Many people who are LGBTQ2+ experience discrimination and stigma. Policies and governance are slowly changing, but many big policy changes have only begun in the last few decades. As a result, many people experience an intersectionality of discrimination that affects their health and wellness. Some still have to fight to have their basic rights met. Before we examine some of the challenges that LGBTQ2+ face in relation to health outcomes, it’s helpful to define some terms.

Here Are Some Terms Defined:

Assigned sex refers to the biological characteristics used to classify people into the categories of male, female, or intersex. It refers to the physical elements of our bodies, including features like genetics, hormones and internal and external sexual anatomy, and is often assigned at birth. Being intersex means that someone has natural variations in their physical sex development, which is different from being trans (related to gender identity).

Gender expression is the way someone expresses their gender to the outside world. This shows up in behaviour, clothing style, hairstyle and sometimes through pronouns and name, etc.

Gender identity is a person’s internal and individual sense of being a woman, a man, both, neither, or something entirely different (as described below). A person’s gender identity may also be affected by social, emotional, cultural, spiritual elements of their life. Examples of gender identities include:

  • transgender or trans: when someone’s gender identity differs from their assigned sex at birth
  • non-binary: when someone’s gender identity exists beyond, between, or outside of “man or woman.” Some people may use terms like gender non-conforming, genderfluid, genderqueer, agender, bigender, pangender, and many other terms
    *Remember, there is no one way to “look trans” or “look non-binary” – trans and non-binary people can express their gender in a wide variety of ways, and may or may not seek gender-affirming medical or surgical care.*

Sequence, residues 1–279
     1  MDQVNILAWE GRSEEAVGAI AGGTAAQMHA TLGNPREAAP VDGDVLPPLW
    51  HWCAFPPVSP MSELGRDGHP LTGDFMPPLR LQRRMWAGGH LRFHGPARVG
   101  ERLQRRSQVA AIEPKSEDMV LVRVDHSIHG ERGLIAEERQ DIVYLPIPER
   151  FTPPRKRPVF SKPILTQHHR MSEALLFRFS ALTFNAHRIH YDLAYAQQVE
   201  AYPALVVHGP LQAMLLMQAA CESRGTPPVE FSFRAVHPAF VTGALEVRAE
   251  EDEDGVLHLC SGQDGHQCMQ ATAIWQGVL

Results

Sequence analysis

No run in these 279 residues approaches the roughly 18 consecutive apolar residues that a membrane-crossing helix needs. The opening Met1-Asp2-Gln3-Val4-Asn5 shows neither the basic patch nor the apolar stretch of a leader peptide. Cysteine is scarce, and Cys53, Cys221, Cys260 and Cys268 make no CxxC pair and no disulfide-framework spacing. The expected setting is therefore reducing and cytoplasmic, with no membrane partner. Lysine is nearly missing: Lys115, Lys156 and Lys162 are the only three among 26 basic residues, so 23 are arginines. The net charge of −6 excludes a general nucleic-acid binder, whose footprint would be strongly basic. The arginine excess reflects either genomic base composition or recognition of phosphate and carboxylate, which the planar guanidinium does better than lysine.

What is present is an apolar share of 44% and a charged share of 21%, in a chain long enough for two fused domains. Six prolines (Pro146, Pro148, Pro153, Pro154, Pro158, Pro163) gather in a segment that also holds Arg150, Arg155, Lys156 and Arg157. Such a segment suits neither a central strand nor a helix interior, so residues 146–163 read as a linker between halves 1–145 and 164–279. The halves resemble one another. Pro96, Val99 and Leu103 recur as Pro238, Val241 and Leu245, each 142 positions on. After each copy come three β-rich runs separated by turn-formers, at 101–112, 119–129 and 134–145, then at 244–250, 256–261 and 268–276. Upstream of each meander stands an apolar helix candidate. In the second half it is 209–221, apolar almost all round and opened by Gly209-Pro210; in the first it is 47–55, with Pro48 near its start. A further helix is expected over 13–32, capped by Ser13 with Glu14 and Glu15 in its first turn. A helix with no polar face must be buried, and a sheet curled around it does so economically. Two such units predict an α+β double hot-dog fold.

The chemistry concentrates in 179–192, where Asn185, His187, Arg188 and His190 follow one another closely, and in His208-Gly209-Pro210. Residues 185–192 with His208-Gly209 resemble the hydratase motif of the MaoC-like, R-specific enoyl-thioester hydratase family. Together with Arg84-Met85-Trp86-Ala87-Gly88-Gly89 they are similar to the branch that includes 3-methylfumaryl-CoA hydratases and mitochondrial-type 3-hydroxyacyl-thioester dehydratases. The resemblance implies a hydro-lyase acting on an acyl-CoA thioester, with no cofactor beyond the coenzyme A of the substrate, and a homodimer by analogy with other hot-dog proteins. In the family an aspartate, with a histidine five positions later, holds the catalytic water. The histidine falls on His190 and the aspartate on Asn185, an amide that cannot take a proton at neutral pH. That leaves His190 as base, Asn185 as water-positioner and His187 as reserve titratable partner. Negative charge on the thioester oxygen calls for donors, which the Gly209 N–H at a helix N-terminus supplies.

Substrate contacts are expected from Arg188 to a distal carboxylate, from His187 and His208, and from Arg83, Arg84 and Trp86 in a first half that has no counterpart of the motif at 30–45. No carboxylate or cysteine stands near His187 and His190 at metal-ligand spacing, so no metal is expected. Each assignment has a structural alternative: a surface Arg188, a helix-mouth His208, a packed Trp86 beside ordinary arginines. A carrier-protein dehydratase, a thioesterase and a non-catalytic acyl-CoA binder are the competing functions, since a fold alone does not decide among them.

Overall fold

• cisgender or cis is when someone’s gender identity aligns with their assigned sex; not trans. Cis people also express their gender in a wide variety of ways.

Sexual orientation refers to who someone is attracted to sexually, romantically, and/or emotionally. Examples of sexual orientations are: queer, asexual, bisexual, pansexual, lesbian, gay, and heterosexual/straight, among others.

Two-Spirit: Pre-contact, many Indigenous communities acknowledged more than two genders. Through the residential school system and other colonial practices and institutions (e.g. medicine, language, law, economics, religion, government, etc.) there was an attempted erasure of these genders and of the language that described them, and an enforcement of a Western European patriarchal gender binary. Today, Two-Spirit is a term used by some Indigenous people and communities that can encompass cultural, spiritual, sexual, and gender identities. Often, being Two-Spirit is connected to specific roles and responsibilities within a community. While some Indigenous people who hold diverse sexual and gender identities consider themselves Two-Spirit, others may have terms in their own traditional languages, or identify themselves as LGBTQ+ and Indigenous, Indigiqueer, or use multiple terms.